<p>Open source speakers that can be enclosed in a variety of ways.</p>
David A. Mellis’ is all about open source, and he pioneered it as a co-creator of Arduino, the microcontroller that enables the average person to build robots, and the average robot to build other robots and then play gin rummy with them, or whatever it is robots do for fun. Mellis’ latest invention is geared towards reorienting the average person with the technical aspect of amplification.
Fab Speakers are an open source speaker system that you can build and customize yourself. It takes only a basic level of technical knowledge to build these bad boys, and once you do, the mechanics of other types of speakers won’t seem so tough. You might even be able to make improvements on Mellis’ design, which is exactly what an open source kind of guy wants to see.
Here’s a rundown of the basic way to put Fab Speakers together. If you’re planning on getting inventive quick and straying from the basic directions, please don’t yell at us if your Fab Speakers suck or don’t work.
For this project you’ll need the Fab Speakers kit, a hot glue gun, wood glue, a soldering iron, some wood, and some fabric. We’ve grouped the steps into four convenient parts for… well, for the sake of convenience.
First off, you’ll need to solder the electronic components. Basically, you attach the chip, battery holder and switch onto an board, and then connect each speaker to the output nodes on the board using speaker wire. There’s quite a bit of soldering to be done here, much of it in tiny spaces. If you poke at the components in random places with the soldering iron, we’ve calculated that there is a one in 4,334,501 chance that you will hit all the necessary spots, and your Fab Speakers will work. There is also a 1 in 2 chance that you will injure yourself or someone around you—these statistics brought to you by our new mantra of convenience.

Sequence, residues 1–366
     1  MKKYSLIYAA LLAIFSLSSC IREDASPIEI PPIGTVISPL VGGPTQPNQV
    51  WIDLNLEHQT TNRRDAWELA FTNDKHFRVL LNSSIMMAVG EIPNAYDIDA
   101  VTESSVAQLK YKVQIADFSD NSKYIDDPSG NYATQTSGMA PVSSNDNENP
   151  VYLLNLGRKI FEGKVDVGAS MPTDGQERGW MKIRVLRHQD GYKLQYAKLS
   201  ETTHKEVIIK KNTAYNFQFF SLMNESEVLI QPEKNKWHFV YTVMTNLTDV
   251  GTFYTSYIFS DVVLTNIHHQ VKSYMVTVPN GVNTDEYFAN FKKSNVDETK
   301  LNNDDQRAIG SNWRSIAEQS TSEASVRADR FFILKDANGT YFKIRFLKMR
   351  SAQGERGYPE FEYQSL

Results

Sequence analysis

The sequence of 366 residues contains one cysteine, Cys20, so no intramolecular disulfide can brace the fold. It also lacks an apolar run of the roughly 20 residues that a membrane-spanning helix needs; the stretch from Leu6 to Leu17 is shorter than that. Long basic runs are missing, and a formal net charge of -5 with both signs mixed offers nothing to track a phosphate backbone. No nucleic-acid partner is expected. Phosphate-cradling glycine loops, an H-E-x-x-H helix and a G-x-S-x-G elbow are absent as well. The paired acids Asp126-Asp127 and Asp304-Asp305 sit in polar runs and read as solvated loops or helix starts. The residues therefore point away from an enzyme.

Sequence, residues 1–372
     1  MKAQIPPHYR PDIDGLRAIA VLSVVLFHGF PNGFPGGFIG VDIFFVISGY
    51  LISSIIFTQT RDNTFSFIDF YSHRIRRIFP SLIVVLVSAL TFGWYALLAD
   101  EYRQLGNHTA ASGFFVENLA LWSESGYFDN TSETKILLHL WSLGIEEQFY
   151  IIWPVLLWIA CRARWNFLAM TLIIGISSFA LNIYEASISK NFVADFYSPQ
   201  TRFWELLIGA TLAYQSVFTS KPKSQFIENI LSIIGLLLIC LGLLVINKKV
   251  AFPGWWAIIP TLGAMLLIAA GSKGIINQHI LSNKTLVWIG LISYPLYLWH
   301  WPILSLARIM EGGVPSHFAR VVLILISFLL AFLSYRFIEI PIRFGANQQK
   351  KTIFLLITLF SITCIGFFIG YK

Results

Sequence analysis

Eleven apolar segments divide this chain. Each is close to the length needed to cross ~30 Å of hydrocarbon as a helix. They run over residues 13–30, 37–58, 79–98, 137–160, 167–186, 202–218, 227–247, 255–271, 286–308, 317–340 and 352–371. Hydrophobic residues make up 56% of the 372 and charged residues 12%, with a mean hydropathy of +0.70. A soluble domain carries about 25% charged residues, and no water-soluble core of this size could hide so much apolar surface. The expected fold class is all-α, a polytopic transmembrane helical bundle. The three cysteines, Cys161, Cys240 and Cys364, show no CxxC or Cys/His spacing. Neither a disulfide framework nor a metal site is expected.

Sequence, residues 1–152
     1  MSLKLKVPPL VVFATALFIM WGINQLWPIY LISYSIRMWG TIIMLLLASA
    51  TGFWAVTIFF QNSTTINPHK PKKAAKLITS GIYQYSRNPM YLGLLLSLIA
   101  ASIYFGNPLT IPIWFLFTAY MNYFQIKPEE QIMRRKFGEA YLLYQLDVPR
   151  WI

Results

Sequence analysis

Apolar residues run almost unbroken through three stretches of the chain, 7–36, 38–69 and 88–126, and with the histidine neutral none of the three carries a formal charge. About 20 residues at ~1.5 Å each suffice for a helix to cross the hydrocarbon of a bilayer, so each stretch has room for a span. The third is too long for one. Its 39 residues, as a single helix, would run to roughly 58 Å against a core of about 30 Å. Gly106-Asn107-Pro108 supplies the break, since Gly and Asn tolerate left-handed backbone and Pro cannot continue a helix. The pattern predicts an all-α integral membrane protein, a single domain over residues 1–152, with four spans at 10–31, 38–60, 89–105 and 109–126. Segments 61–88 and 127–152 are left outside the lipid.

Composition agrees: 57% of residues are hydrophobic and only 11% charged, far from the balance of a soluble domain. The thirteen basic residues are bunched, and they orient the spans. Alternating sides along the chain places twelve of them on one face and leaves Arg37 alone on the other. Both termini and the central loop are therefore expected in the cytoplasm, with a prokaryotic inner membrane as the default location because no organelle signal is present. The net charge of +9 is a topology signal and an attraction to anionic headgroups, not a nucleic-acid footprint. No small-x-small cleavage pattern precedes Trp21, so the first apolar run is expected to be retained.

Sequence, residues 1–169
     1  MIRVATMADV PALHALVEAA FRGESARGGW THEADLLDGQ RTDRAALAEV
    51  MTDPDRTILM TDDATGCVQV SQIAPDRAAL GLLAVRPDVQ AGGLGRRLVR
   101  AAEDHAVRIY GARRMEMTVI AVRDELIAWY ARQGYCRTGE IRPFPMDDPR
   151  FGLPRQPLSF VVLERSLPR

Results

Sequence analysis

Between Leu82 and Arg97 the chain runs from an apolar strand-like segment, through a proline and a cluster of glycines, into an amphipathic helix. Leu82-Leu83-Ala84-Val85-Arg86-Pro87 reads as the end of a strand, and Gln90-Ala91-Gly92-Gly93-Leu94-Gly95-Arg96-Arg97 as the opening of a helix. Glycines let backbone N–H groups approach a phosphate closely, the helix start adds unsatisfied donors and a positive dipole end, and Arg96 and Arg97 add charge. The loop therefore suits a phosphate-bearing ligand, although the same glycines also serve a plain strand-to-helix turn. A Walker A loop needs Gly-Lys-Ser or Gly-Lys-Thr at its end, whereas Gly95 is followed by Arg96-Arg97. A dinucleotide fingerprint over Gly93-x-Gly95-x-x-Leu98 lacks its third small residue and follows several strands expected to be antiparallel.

Now it’s time to invoke those industrial design skills you didn’t think you had back in architecture school, and that you suddenly discovered you did have the day after you dropped out. You’re going to build the frame for each speaker. For this part, you’ll need a hot glue gun to glue some of the parts together. Do NOT consume this glue! Seriously, I just ate like two sticks of it and aside from my tongue being burned, I can’t see out of my left eye (though I may have simply glued it shut).
Now it’s time to glue the fabric onto the outside of the speaker and make it look a whole lot sleeker. Once you’ve got the correct sized fabric positioned on the speaker, unholster your glue gun and th… wait, you don’t have a holster for your glue gun? It didn’t come with one? Yeesh. Alright, well just don’t go out like that, without a holster, you’ll look ridiculous. What do you mean? There are plenty of good reasons to carry around a glue gun. I’m all out of glue though, can you spot me a stick? I won’t eat it. Well, not all of it.
Now that you’ve eaten copious amounts of glue during this construction process, you’re going to want to finish these speakers up, kick back, relax, and enjoy some music. All that’s left to do is glue the wooden veneer to the outside of the speaker. This is the final touch in making your Fab Speakers look and sound great. Some users have innovated on enclosures for these speakers, using glass jars and other items. If you catch wind of one you like, you can always modify your Fab Speakers. After all, you built them!
[via Create Digital Music]